Photography by Sean Davidson
The stories we tell through what we wear, collect, and inherit are often deeply personal. Such is the case with Sarah Nsikak’s Brooklyn based project, La Réunion. Over the last 3 years, Sarah has built a label based on creating garments and textile pieces that consider a meaningful cycle between her production methods, the product, and the customer.
Each one of Sarah’s patchwork garments are unique and request the participation of the wearer. Since many of the pieces are commissioned and often made with personal fabrics, they immediately become heirlooms to keep and pass down. Beyond the actual construction of the garment, La Réunion is influenced by “the ideas surrounding reclaimed beauty, togetherness, color, joy…” and more intimately, celebrates African stories and traditions including Sarah's own roots in Nigeria.
Having just welcomed her daughter into the world (post-photoshoot!), we catch up with Sarah about where she is presently and what she envisions for herself and the next generation.
Can you describe the path that led to the work you do now?
I have always made little textile art pieces without really sharing them, but I actualized the project La Réunion (named after the island) at the end of 2019. The goal has always been to share artwork that celebrates Africa and to do so sustainably. I wanted to be very intentional about introducing clothing into the project, because there are so many brands out there and I didn't want to do it just because I knew how or because it was expected of me. The first capsule of Patchwork Dresses was created out of a time of real sadness and grief. Corona had hit hard in NYC and we were confined to our homes. I no longer had a job, and had a lot of time to create something from an honest place. I remember thinking "what can I make that will make me feel good in a time where that seems impossible?" Fashion has this transportive property that can make you feel you're somewhere else or someone else, even on the bleakest day. This is why I knew I'd be making something I could wear. The project has evolved from there, and I'm very grateful for the support and love it has received! I feel that this kind of representation is so important.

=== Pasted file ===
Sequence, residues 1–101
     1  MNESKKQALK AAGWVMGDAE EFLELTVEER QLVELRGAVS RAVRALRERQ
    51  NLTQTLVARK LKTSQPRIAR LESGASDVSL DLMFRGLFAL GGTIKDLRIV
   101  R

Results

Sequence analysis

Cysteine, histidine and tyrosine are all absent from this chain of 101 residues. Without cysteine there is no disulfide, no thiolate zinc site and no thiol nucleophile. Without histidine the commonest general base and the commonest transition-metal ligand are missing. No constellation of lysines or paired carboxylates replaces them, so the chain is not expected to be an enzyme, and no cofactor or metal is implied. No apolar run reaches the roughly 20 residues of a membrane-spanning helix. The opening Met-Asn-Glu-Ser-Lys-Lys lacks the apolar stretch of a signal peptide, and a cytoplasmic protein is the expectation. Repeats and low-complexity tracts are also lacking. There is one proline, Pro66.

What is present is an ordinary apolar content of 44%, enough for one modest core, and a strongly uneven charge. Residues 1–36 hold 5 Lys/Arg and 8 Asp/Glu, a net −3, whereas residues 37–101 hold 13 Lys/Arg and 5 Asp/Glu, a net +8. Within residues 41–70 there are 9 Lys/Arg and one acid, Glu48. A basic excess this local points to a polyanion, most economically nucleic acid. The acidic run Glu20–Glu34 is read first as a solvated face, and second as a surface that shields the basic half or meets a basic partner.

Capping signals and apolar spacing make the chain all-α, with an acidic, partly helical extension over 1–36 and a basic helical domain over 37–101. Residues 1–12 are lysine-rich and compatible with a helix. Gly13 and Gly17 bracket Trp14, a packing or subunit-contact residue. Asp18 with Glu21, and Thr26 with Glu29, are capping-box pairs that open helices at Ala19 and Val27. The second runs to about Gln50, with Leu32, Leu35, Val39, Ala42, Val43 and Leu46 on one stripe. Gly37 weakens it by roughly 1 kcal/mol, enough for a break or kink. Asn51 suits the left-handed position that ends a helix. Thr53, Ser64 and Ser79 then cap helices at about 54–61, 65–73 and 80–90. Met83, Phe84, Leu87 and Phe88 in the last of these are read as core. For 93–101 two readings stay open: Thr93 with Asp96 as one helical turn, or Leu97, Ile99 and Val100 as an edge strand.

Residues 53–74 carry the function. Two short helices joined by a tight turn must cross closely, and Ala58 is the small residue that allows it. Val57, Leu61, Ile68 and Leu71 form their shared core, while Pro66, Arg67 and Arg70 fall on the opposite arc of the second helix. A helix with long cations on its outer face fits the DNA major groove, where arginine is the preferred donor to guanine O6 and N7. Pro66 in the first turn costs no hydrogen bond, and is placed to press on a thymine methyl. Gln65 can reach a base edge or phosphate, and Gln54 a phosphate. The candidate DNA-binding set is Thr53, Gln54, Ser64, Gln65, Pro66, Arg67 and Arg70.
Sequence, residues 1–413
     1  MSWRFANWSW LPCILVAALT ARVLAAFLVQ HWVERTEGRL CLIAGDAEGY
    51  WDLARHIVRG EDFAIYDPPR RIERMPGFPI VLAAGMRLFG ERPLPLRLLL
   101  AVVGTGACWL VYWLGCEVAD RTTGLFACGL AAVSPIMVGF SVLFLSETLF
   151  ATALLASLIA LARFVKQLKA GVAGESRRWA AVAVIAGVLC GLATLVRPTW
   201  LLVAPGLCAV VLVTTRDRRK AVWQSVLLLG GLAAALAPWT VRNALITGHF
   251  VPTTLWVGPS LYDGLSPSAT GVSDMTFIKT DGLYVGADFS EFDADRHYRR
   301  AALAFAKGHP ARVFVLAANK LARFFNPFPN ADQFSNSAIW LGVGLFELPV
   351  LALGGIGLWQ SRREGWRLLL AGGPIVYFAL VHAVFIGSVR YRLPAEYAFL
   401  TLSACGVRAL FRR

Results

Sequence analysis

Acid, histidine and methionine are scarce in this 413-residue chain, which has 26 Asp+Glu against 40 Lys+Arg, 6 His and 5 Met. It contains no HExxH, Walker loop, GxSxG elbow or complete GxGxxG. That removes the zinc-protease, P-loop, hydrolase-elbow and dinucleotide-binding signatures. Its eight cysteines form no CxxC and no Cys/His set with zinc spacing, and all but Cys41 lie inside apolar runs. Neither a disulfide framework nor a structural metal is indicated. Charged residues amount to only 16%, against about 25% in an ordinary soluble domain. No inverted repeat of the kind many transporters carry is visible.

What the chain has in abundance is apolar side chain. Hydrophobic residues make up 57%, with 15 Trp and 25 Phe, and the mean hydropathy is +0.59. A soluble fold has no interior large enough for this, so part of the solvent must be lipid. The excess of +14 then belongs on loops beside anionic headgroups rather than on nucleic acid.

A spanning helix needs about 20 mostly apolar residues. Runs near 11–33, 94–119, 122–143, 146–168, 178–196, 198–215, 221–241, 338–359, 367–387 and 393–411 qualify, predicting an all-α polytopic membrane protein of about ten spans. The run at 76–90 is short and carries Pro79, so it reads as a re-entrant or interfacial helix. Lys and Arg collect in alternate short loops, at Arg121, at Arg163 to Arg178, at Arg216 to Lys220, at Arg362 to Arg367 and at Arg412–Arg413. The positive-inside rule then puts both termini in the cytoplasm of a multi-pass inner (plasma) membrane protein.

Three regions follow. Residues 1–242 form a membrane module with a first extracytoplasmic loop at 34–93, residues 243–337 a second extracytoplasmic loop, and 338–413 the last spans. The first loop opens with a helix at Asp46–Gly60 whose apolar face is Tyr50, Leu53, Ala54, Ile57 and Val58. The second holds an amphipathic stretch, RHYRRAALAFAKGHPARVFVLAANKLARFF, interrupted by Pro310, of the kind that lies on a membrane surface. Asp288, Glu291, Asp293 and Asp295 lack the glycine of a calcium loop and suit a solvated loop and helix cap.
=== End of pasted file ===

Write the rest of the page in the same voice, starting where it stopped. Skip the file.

Congratulations on the recent birth of your daughter! Now that she’s here, how do you hope her presence in your world will evolve what you do with La Reunion?
Thank you so much! After carrying her for 9 months, I still can't believe she's real. I hope that because of her I am even more hypersensitive to the efforts I can and should make to leave the planet better than I found it. This sentiment extends beyond my work and I hope our lives with her (as wasteful as the early baby days can be) are about maintaining the planet for one another. Thinking of her world when she's my age is kind of terrifying, but I choose to believe there's hope and we can be a part of a respite for our planet.
What do you wish to do more of this year?
I'd really like to research and read a lot more. I feel like my best work comes from a time of focus on a time or place. I really enjoyed re-reading the book Things Fall Apart by Chinua Achebe, and was inspired to make work that reflected the raw and folkloric nature of those stories.
Can you share an upcoming project you’re excited about?
I'm excited to finally finish two commissioned art pieces that I'm making for some incredible mothers. They both asked for family as part of their themes, and neither of them knew I was pregnant when they commissioned work from me. I'm very honored to make something that memorializes the love they've grown in their homes.
How do you feel, at your age, right now?
I'm 30! I think sometimes about three decades of life is kind of a trip. 30 feels a lot more certain but I'm also aware of how much learning and growing there is for me to do. I feel better than I've felt in any age because I am finally in a place of self acceptance. I know that I can really only do my best with what I've been given and I remind myself of that when I think of where I'd like to be. Definitely a work in progress - I hope to be funnier by 40!